Why expungements are processed by FINRA's Dispute Resolution Service in an arbitration forum rather than before a regulatory panel is another debate for another day. In today's blog, we have an expungement case in which a FINRA arbitrator recommends the removal of two customer complaints from a stockbroker's industry record. For opponents of FINRA's expungement process -- of which there are many and, often, with meritorious concerns -- today's case should serve to demonstrate that there are, indeed, circumstances where an expungement is appropriate. In one customer complaint, we have "factually impossible" allegations, and in the other complaint, we have "clearly erroneous" allegations. Ah yes, the collision of the impossible with the erroneous!
Today's featured FINRA Arbitration became a New Jersey Superior Court case, which became a FINRA Office of Hearing Officers Decision, which became an SEC appeal, which became another FINRA Office of Hearing Officers Decision, which became another SEC appeal, which became a United States Court of Appeals for the Third Circuit, which, yet again, wound up before the SEC in the form of a petition for reconsideration. Are we done yet? Or are we just takin' a break here to catch our litigious breath? Who the hell knows.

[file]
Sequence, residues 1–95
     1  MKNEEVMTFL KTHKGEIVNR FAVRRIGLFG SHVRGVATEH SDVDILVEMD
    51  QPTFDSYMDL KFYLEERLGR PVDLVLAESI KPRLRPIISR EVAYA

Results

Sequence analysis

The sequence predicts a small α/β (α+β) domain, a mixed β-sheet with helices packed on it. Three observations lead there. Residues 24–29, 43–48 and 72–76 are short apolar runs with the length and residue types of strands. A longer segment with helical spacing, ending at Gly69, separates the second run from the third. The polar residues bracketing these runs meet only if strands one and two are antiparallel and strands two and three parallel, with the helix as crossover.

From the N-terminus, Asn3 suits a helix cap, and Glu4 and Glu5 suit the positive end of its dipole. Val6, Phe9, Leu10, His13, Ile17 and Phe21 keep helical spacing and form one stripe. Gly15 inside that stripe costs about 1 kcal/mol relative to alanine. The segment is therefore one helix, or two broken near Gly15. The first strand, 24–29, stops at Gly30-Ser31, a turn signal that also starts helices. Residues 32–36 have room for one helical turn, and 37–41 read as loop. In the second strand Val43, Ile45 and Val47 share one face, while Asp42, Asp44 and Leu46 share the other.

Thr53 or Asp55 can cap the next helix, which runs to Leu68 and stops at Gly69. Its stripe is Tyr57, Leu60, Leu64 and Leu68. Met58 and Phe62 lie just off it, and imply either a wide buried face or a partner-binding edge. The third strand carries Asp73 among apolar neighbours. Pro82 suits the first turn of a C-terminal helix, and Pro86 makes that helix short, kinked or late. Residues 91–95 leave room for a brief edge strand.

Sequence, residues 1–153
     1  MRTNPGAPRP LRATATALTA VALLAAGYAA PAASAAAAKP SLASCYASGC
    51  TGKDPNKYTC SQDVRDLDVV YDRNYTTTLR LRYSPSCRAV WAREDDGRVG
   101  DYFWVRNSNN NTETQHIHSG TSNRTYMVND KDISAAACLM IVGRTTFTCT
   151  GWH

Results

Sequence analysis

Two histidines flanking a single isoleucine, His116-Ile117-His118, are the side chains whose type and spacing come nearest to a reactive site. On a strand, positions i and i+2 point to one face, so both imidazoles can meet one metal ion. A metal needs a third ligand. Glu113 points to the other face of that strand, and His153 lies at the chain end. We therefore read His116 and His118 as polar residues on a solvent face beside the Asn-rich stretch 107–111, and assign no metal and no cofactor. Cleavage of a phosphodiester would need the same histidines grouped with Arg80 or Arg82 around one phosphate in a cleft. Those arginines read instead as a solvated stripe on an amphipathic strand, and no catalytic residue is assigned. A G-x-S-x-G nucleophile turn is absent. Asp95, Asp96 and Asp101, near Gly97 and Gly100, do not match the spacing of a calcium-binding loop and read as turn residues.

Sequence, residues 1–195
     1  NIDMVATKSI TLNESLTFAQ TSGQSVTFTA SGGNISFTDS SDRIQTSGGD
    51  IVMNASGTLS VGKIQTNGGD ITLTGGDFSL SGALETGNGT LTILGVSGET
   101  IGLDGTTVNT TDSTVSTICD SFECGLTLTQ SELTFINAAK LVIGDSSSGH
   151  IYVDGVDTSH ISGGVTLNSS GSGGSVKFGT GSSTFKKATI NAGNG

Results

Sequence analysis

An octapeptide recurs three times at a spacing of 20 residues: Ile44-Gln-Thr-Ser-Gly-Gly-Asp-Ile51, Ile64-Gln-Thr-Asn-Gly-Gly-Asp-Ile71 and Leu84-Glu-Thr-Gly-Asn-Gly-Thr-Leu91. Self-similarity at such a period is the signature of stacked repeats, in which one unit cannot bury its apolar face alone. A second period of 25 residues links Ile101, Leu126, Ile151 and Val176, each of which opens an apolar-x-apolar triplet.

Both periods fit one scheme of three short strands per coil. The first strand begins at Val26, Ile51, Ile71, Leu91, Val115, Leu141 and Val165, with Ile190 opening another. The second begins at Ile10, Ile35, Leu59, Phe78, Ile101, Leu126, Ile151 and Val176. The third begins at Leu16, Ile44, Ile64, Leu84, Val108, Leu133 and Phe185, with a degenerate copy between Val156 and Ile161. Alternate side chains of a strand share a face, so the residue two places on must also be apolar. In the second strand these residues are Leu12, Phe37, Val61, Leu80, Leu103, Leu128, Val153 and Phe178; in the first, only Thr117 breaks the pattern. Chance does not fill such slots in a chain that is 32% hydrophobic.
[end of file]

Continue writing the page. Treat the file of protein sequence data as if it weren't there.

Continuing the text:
A victorious Claimant in a FINRA arbitration moved to confirm her Award in state court; however, the defeated Respondents moved to vacate in federal court. In federal court, the Respondents seemingly argued that the process of evaluating their motion somehow imbued the court with jurisdiction. Clever tactic? An act of desperation? See what the Court decided.
Sometimes, something just doesn't sit right with you. You know what I'm saying, right? It's one of those things where you completely understand and agree with a regulator's actions, but . . . and it's that "but" that gives you pause. In today's blog, we have one of those "but" moments.